Even with all the focus on JP Morgan’s loss bomb in the past few days, some critical elements of the story have not gotten the scrutiny they deserve. By way of background, Amar Bhide, who is currently a professor at Tufts, has run a prop trading operation (admittedly some time ago) and has written extensively both on the financial services industry and entrepreneurship.
Bhide takes issue with Dimon’s description of the funds that the Chief Investment Office (part of the bank’s treasury function) as “deposits” but rather as market funds. He also contends that no one can be running a major risk-taking trading operation along with a huge, sprawling international bank. A major trading operation requires that senior management be on top of position risks, and the organizational and operational demands of running a super big bank make that impossible. Finally, he argues that the risks JPM and other banks are taking are much greater than is commonly recognized, and JP Morgan’s profit level in the face of unfavorable conditions for financial firm is proof of unduly high risk levels.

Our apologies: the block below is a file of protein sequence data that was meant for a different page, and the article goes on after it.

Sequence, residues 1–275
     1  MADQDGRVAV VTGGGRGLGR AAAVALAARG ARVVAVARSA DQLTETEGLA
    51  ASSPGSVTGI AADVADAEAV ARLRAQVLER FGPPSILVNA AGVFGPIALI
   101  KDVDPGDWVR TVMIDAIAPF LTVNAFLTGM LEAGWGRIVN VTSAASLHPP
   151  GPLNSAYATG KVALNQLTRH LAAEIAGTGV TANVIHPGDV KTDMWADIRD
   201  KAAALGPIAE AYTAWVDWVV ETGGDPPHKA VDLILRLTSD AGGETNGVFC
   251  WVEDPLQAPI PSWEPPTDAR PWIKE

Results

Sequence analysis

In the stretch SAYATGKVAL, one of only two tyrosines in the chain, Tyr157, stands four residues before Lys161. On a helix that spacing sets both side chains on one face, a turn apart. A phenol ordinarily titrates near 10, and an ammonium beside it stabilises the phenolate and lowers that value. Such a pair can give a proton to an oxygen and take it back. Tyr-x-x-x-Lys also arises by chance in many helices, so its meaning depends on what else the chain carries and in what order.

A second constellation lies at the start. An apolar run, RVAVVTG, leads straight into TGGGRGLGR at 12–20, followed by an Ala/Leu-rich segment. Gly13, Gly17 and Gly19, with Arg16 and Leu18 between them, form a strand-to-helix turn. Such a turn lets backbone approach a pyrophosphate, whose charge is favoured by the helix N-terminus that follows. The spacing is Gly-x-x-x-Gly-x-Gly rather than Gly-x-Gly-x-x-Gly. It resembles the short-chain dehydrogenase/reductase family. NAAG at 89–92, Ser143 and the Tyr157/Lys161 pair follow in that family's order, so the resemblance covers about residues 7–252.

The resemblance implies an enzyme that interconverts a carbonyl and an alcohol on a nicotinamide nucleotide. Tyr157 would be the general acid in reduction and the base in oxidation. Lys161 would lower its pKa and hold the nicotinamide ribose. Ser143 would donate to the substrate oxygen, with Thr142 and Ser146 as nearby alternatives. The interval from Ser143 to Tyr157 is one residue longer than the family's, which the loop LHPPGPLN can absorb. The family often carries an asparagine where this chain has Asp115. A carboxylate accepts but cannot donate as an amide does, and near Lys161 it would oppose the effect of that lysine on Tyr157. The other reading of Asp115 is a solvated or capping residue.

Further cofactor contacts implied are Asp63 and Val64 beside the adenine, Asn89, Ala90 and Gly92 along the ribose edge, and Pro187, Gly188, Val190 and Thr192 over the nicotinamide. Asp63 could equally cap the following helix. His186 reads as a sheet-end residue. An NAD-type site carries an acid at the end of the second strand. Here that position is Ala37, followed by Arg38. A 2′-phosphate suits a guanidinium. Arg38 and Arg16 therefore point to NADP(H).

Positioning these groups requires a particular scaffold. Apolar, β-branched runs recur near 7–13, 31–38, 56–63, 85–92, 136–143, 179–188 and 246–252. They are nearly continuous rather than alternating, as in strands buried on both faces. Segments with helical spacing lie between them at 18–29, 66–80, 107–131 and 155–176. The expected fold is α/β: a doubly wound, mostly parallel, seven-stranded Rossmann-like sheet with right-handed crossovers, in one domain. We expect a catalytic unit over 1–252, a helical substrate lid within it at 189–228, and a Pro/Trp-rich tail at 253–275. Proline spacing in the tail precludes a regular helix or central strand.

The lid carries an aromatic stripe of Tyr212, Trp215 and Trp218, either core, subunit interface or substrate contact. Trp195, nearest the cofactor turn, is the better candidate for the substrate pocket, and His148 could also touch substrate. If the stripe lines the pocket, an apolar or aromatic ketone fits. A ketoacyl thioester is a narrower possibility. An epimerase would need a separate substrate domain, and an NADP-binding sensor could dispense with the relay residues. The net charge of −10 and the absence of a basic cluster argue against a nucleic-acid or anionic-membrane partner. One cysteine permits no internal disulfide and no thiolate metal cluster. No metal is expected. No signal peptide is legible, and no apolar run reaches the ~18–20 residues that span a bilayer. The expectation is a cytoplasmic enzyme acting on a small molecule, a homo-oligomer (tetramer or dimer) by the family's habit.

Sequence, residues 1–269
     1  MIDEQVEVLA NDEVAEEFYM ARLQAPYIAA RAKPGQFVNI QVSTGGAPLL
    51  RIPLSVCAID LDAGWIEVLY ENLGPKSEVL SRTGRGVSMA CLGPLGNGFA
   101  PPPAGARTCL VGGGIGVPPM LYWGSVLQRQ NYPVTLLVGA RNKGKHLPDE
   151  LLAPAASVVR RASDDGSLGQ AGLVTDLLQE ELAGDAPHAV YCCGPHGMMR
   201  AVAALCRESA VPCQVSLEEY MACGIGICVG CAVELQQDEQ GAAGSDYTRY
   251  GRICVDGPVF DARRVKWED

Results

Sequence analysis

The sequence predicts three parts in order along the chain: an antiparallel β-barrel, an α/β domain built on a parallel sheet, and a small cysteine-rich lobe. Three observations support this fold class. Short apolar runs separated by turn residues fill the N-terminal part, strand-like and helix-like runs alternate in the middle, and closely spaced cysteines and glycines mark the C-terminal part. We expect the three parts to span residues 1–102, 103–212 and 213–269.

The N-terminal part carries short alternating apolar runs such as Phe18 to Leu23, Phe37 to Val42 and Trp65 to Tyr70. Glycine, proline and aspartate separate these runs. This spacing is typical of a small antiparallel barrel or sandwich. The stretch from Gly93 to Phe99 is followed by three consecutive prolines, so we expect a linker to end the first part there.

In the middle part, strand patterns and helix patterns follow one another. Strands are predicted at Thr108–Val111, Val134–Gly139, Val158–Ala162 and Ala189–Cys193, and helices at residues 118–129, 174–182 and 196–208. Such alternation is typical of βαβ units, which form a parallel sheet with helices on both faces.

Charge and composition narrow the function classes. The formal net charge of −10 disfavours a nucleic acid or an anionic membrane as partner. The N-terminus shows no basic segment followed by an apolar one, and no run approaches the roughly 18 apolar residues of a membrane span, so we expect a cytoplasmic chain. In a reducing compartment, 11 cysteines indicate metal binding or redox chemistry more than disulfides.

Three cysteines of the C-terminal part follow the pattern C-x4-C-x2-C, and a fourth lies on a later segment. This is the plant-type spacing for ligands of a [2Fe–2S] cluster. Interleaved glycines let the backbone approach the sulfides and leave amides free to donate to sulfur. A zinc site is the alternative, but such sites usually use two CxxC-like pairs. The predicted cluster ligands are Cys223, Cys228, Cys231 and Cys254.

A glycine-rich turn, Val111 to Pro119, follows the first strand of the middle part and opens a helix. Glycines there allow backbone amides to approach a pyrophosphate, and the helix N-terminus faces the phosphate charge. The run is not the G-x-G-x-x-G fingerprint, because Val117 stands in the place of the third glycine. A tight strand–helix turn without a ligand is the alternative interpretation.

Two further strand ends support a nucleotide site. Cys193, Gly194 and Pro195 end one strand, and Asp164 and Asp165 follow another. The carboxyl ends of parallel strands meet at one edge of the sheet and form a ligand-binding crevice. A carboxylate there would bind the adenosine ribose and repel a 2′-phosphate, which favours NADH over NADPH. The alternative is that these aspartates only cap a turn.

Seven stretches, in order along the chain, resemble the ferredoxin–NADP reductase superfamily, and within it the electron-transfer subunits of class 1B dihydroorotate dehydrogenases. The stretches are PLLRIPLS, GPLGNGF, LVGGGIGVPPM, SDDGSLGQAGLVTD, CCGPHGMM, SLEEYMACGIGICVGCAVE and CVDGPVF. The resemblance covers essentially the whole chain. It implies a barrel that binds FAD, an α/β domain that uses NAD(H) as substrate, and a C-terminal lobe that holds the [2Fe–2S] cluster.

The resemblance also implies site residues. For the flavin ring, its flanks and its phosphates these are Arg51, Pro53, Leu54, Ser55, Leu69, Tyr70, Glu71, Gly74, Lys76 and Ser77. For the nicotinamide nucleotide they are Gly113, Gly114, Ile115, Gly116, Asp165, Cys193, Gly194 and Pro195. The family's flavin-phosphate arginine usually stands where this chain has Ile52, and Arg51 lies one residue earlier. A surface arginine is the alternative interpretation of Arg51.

This post originally appeared at naked capitalism and is posted with permission.